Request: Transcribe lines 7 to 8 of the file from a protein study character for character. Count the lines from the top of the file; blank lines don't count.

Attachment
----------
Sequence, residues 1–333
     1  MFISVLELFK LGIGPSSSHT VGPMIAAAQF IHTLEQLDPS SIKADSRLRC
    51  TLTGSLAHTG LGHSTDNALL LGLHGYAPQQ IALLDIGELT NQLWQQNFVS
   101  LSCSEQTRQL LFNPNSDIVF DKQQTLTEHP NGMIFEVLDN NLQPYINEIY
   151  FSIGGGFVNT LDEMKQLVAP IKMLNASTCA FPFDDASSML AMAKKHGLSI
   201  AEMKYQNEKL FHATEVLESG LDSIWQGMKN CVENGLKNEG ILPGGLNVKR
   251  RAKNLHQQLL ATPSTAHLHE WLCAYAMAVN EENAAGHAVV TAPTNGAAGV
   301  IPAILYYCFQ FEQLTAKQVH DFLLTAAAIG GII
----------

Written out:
   251  RAKNLHQQLL ATPSTAHLHE WLCAYAMAVN EENAAGHAVV TAPTNGAAGV
   301  IPAILYYCFQ FEQLTAKQVH DFLLTAAAIG GII